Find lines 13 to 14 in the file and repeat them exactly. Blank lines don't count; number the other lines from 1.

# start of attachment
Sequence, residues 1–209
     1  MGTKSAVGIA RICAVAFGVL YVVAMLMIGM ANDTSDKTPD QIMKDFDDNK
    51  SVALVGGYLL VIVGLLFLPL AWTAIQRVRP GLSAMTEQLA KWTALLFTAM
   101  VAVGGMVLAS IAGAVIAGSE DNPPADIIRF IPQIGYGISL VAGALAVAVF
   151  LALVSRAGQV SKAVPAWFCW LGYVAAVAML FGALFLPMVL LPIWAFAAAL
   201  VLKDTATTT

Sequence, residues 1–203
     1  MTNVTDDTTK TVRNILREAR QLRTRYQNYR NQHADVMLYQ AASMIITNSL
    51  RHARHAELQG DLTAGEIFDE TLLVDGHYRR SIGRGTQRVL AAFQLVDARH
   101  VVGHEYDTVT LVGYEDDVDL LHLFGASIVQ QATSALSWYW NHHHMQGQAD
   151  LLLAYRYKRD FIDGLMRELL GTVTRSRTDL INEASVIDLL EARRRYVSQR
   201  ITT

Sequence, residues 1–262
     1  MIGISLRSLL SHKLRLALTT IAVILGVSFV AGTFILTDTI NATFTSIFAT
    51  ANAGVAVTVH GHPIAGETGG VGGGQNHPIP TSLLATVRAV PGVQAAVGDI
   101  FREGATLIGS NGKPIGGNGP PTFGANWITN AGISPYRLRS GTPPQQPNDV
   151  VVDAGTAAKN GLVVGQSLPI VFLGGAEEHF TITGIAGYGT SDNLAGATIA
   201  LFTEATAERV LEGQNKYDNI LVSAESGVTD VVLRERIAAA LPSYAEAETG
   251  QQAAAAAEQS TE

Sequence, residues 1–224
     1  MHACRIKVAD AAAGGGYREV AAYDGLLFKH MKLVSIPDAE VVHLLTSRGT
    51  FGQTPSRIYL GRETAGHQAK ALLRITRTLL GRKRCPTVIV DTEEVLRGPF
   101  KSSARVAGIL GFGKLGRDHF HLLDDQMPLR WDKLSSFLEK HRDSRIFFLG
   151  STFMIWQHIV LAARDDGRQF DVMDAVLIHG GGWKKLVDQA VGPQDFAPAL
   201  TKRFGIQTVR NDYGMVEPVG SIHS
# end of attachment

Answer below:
Sequence, residues 1–262
     1  MIGISLRSLL SHKLRLALTT IAVILGVSFV AGTFILTDTI NATFTSIFAT